Don’t Pet Warthogs in Africa
This true story takes place May 2004 in Mashatu Game Reserve in a remote region of Botswana, Africa. I was on a high school graduation trip with 8 other members of my class and their fathers. This father-son group decided to travel to Africa to go on safari’s, scuba dive with great white sharks and generally just explore Africa.
Just to give you an idea of how remote, read the following. We arrived in Johannesburg, South Africa after out 20 or so hour flight from Atlanta, to find out we had to hop in a van and drive another 5 hours to the boarder of Botswana. Arriving at the boarder, the only way in to the country was in a rickety, old cable car across the Limpopo River. After passing through customs, we loaded up in our Landcruiser and drove another couple of hours to the “Tent” camp. What a beautiful place literally out in the middle of nowhere.
We would wake up at 5am every morning to go on a “Sunrise Safari”. We tracked down a Leopard who had just killed an Impala and dragged its carcass up in to a tree for a feast. It just seemed so crazy to be only a few feet away from these magnificent animals. The guides carried very high powered rifles just in case one of these huge animals decided to attack any of us. Unfortunately, it was not the large animals that ended up injuring one of us.
Livin The Life
After the Sunrise Safari, most everyone would go back to their tent and catch a quick nap after being awoken so early. Me and a couple other guys on the other hand, decided to head on up to the open bar and start killing some Captain Morgan’s, along with some Famous Grouse. Aw, what a life, going on safaris, kicking back some whisk mid morning before going out on some more safaris and observing probably the most breathtaking place in the world.
Protecting the tent camp from large predators was an electric fence that would shock anything that touched it, nearly to death. Small animals could easily get through these electric fences. The guides warned us that warthogs lived in and around the camp ground, but they were “friendly” warthogs. In the 15 years the tent camp had been in existence, no one had ever been attacked by a wild animal.
Around noon, the rum and scotch was definitely hitting me hard. My buddy and I saw a warthog and knowing they were friendly, decided to pet the thing. What’s the worst that could happen? We slowly approach the fat pig. As we got up right next to it, say 2 feet, my buddy stepped behind me. I looked back at him and said, “Don’t be such a wimp.” About 2 seconds after that I was about to try to pet the hog. Suddenly, the dam thing snorted “SNNNNNOORRRRRT” , reared back and bit the living shit out of my leg. I didn’t know what hit me! I started running for high ground to get away from this beast.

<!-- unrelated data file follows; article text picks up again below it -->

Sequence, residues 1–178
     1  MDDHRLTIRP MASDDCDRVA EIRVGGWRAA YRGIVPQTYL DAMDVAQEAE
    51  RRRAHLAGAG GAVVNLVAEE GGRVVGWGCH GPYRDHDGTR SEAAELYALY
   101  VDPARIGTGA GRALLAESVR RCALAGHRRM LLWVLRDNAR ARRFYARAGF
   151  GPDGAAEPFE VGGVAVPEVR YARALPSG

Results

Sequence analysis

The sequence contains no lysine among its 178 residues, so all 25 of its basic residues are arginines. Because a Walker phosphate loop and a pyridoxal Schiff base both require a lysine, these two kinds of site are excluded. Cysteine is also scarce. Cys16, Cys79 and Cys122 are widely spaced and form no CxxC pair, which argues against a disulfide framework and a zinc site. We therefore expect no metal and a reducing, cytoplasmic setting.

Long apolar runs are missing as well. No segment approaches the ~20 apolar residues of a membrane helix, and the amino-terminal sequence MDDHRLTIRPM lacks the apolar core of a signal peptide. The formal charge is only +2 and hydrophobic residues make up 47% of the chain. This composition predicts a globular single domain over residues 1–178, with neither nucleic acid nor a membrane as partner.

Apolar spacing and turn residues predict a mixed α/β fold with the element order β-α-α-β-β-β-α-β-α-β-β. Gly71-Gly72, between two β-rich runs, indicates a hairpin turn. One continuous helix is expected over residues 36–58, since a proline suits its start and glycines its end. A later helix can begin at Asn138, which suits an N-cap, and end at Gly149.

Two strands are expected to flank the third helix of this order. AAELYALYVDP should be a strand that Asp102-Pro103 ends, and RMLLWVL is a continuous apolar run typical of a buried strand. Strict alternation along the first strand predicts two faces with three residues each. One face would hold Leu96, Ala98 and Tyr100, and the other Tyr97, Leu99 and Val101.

Here is a pic of the actual wharthog:
I made my way back to the bar and sat down on a chair. My leg didn’t hurt until my buddy said, “dude, there’s a hole in your pants.” I looked down, touched my leg, and directly above my thigh was a giant hole in my leg spewing blood. Here I am in the middle of Botswana, a country notorious for giving out Aids in its hospitals, with a giant hole in my leg in need of urgent care. I immediately took my belt off and made a tourniquet around my bloody leg.
My buddy ran yelling out to everyone that I had been viciously attacked by a wild bore. My father nearly shit himself. Besides all the yelling and “What the F were you thinking?”, he was generally concerned for my well being.
Our guide, Fuzz, said the best idea would be for him, who had been drinking along with us, to drive us back to the boarder, get his car in South Africa and drive to a small town called Messina. So, we did.
Out of Control…
About 4 hours later, traveling at about 100 miles per hour on the main roads, we arrived at a South African hospital. Besides the fact the windows were open in the ER, and there was no doctor in sight of the hospital, the place was pretty good. We were being stared at by every person in this very small, remote city. No wonder, we were about the only white people any of them had ever seen.
My dad, who is a doctor, decided he would go ahead and sew up my wound. I received a tetanus shot, stitches, wrappings, anti-biotics, and some pain killers from the hospital. My dad brought all the cash we had on us to help pay our bill. The man who could barely speak English told us our total bill for my hospital visit would be “eeehhhteeeen dolla.” $18.
The drive home was long and I was in pain. We stopped and picked up some South African 40’s to make the time past quicker. To add on to the drama of the day, by the time we got back to the Botswanian border, it was closed for the night. When I say it was dark outside, I’m talking dark. No lights, no city around, nothingness. Before we left for the hospital, we bribed the border patrol to stay open. It looked like they had taken our money and run with it.
Eventually, we heard the cable car moving toward us. It was too dark to see. The cable car house is about 3 stories tall and there are holes in the floorboards. My dad had his arm around me to help me walk. While walking to the cable car, only using light from a lighter, all of a sudden I felt my dad just drop. It got dark and I heard cries. I thought he might be dead. I yelled for Fuzz and he came sprinting. I don’t think I’ve ever seen anyone make it up three flights so fast. Fortunately, my dad just fell down some stairs and had a bump on his head. We made it back in to Botswana, and took the Landcruiser back to the tent camp.
To conclude off the night we finished off the bottle of Captain Morgan’s and Famous Grouse. Not to mention, we ate fresh warthog for dinner….